For many reasons, Snowden added, many institutions have attrition problems in the ranks of Black academics, especially in the graduate ranks and beyond: “Students are getting [to this level] with all of the vigor and enthusiasm and promise, and for whatever reason, they’re leaving with a master’s when they applied for a PhD, they’re leaving before the tenure track happens, or they’re not getting tenure at all.”

Among many other things, the panelists noted, non-Black faculty should not just voice words of sympathy to Black colleagues, but proactively work to lessen the distinctive burdens on them.

“I also think that white academics absolutely need to … stop offloading this work onto ‘Blackademics’ and other people of color,” said Davis, who is an assistant professor in the Department of Communication at UConn. “We all have a role. That could mean a concerted effort to mentor and advise other Black graduate students — that is not just the responsibility of Black faculty, to advise and mentor Black graduate students and Black undergraduate students. [Other faculty] have a role in that as well.”

The many intangible traditions and norms of academia make it all the more important that white scholars work with their Black counterparts and students, the panel also suggested.

“Even in engineering, it is a social science,” Mickens said. “There are plenty of people who are super-smart, super-bright, who didn’t build the right network. And you don’t hear about those folks. And so I think it’s very important to build that community. And it can’t just be people of color. Why is that? Because there’s not a lot of us out there right now. … If you do have allies who are white, you should allow them to help you.”

Thinking strategically

Beyond discussing ways to help the career trajectories of Black academics, the panel’s participants discussed some specific strategies for both airing problems in the first place, and then addressing them within institutional settings.

The #BlackInTheIvory hashtag has generated input from across academia, but at the University of Connecticut, Davis noted, Black students have an Instagram page where they can post anonymously about their experiences, helping those who would prefer not to identify themselves. 

When it comes to meeting with other community members and leaders, Davis said, “We email them the agenda beforehand, so we all know the things we plan to speak about.”

Mickens had advice about sitting down with campus leaders, noting “You want to say, ‘What are concrete and specific things we’re going to do here? And you also want to say, ‘What are the evaluation metrics?’” He added: “Go in there with a sheet of paper, so other people can see how much or how little you’ve written down. … If you don’t write anything down, that’s a subtle but not-so-subtle message that we haven’t really made progress here. We’re just sort of exchanging platitudes.”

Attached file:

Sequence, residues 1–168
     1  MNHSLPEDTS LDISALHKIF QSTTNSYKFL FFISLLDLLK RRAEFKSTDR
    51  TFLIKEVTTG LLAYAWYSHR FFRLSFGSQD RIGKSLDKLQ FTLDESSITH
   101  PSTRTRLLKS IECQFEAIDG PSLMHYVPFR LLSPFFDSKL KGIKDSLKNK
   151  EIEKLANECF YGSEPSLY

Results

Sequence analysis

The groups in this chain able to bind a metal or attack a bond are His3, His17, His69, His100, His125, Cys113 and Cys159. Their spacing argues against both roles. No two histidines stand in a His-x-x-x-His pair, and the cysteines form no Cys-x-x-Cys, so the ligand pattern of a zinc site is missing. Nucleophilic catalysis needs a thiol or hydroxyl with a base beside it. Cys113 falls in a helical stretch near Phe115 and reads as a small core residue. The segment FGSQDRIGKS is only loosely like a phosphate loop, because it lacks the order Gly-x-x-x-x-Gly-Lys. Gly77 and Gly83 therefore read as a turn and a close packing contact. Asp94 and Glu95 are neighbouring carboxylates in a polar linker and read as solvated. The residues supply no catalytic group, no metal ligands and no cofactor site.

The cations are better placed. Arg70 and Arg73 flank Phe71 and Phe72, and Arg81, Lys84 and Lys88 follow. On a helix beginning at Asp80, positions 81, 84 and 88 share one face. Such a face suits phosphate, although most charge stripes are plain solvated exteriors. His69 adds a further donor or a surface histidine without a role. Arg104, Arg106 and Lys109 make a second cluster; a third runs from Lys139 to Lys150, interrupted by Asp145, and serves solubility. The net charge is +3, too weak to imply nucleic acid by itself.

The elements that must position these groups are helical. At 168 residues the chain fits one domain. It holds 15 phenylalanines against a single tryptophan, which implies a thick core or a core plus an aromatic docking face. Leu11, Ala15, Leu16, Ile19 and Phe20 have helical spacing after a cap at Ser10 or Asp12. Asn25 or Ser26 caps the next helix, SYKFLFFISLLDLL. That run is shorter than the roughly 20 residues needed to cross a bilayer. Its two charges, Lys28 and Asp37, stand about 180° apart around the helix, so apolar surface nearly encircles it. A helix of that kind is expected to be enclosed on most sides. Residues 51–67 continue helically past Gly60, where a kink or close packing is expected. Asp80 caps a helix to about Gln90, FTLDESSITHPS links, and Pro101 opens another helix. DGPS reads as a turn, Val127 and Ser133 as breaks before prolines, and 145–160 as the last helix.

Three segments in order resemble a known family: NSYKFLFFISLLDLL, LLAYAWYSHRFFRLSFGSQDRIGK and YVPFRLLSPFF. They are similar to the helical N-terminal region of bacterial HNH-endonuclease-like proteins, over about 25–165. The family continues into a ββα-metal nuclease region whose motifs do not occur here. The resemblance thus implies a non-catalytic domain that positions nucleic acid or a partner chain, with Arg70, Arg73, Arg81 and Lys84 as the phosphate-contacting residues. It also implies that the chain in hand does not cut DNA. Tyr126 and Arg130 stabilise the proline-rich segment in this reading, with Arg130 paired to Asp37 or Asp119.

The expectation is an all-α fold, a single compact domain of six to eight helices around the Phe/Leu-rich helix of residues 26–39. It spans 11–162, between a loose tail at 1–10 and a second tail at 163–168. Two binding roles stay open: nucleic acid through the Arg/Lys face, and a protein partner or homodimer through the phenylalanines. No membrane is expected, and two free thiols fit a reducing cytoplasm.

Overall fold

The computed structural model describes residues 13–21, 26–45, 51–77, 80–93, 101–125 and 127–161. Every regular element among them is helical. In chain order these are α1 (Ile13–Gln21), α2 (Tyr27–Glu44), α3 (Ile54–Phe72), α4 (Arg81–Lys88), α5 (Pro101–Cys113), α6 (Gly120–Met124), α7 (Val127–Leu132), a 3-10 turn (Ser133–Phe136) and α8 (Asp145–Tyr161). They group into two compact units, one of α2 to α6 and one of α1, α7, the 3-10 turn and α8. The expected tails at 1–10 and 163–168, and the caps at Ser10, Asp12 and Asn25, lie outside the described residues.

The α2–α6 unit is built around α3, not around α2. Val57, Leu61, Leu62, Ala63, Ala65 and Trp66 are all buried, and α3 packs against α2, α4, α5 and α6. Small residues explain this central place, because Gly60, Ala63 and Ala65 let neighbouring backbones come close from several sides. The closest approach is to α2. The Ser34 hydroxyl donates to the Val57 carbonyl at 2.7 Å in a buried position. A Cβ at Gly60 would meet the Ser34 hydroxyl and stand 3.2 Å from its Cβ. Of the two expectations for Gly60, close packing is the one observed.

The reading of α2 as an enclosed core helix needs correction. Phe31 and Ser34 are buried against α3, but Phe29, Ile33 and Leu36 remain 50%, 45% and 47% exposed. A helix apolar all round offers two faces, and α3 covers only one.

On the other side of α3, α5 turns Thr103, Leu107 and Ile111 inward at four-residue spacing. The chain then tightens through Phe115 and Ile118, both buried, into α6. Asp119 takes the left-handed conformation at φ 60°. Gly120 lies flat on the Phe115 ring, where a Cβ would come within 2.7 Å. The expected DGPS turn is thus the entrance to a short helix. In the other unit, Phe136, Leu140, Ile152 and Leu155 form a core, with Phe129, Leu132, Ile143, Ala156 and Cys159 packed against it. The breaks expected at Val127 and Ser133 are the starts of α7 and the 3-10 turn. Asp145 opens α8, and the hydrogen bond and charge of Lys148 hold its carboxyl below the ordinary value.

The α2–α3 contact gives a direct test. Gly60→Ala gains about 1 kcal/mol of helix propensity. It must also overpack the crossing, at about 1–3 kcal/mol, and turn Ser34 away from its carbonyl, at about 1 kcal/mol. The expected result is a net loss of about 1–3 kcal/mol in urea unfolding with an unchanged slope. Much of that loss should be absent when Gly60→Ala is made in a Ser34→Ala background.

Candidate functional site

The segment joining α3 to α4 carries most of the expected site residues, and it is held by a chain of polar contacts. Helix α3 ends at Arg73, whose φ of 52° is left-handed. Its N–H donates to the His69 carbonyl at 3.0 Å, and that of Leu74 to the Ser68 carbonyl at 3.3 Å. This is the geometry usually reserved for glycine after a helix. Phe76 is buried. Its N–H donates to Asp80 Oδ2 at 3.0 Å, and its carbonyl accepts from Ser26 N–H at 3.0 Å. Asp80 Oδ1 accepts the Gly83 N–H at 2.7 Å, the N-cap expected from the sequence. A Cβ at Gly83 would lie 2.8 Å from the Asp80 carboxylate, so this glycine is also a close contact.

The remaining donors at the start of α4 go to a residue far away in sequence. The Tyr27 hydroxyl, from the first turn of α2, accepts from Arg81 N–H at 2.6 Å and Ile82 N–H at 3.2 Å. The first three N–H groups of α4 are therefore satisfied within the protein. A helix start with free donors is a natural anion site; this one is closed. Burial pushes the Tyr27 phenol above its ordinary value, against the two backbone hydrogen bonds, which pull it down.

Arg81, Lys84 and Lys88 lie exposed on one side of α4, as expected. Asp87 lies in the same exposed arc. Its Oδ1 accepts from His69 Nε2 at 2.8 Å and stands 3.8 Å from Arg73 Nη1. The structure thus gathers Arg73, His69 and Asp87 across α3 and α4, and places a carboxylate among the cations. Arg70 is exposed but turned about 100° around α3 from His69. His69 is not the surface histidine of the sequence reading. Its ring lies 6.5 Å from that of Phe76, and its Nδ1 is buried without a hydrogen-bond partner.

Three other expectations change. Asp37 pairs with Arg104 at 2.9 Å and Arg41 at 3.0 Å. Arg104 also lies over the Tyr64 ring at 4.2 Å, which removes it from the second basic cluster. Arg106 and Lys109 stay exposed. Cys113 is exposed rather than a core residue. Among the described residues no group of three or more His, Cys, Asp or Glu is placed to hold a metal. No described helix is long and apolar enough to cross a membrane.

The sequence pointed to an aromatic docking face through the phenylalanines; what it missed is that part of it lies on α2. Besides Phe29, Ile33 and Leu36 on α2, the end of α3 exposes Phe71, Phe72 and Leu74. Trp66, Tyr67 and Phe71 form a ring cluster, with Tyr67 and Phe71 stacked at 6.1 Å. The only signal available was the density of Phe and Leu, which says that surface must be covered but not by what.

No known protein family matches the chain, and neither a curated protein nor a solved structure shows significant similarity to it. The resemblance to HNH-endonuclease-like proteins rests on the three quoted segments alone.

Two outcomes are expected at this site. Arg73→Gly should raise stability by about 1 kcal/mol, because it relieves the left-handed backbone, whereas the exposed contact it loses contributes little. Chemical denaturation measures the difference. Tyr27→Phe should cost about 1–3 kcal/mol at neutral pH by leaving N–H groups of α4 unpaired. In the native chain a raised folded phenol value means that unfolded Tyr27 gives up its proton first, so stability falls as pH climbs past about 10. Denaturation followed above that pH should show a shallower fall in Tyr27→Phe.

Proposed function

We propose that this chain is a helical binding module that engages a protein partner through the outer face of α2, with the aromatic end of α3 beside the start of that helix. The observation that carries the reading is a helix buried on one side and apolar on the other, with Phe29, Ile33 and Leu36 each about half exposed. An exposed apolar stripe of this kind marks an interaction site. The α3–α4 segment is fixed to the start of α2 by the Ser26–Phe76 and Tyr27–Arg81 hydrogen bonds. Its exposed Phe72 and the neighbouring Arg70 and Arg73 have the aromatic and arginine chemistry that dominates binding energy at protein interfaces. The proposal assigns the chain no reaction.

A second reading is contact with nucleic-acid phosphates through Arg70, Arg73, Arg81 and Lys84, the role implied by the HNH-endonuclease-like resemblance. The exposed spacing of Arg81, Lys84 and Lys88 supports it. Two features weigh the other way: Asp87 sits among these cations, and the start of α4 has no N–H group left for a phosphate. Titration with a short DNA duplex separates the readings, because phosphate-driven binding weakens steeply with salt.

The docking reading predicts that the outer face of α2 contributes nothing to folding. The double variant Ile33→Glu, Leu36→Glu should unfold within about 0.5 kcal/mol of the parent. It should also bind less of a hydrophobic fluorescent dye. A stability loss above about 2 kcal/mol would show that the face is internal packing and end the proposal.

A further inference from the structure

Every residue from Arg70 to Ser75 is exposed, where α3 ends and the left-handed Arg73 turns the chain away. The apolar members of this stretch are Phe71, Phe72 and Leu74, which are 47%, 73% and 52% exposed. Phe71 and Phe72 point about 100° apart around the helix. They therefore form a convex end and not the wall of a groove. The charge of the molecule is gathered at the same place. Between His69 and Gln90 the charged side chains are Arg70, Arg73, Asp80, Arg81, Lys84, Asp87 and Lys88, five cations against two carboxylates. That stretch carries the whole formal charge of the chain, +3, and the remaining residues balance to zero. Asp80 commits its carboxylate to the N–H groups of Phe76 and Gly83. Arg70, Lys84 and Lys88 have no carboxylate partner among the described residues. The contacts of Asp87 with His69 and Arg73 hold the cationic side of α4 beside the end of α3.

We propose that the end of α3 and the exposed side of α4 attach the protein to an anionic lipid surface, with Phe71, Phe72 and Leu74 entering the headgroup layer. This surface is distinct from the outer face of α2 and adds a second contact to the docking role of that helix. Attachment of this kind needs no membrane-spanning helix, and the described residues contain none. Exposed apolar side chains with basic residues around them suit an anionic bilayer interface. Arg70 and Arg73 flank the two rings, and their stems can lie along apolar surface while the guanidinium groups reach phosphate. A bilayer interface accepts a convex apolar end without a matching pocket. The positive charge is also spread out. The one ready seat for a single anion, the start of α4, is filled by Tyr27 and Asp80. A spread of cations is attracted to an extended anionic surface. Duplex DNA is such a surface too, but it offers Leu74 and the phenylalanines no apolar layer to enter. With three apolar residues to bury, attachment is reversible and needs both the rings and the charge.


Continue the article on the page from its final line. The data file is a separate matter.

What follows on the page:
The panelists offered varying perspectives about strategies of self-presentation in everyday academic settings, including research talks, academic meetings, and more. 

“In some cases speaking in your authentic voice may not be received well by the audience,” said Mickens, while also noting, “I think an unfortunate consequence of that is you will sometimes have to tweak your message a bit, or change the way you talk. And this is just as a practical thing.”

The other panelists noted there are limits to the extent to which Black scholars can or should modulate the ways they express themselves.

“We should not give the system a pass in making us feel like we must speak in a certain way or use certain vocabulary,” Snowden said. “Yes, there is tailoring to your audience, I totally agree with that, I love that framing. [But] in less formal interactions, you should feel empowered, and you should push against the system to not focus on the form but focus on the substance of what you’re saying.”

For her part, Davis also noted that Black people have limited control over the way they are perceived, saying, “That really doesn’t have much to do with our own behavior.”

And yet, for all of these challenges, the panelists suggested, making progress on racial equity and opportunity in academia is not an insoluble problem, either.

“It is exhausting to have to explain some of these things to well-intentioned but confused people,” Mickens said. “But one thing I’ve seen at least personally in my career, and when I look at the careers of my friends, and other folks, is that Black scholars who’ve been able to thread that needle — and on the one hand speak with some of that fire and point out things that are problematic in the ivory tower, but also build coalitions, create a sense of community, not just among other Black scholars but among white scholars, not just women but men as well — those people tend to be the most effective.”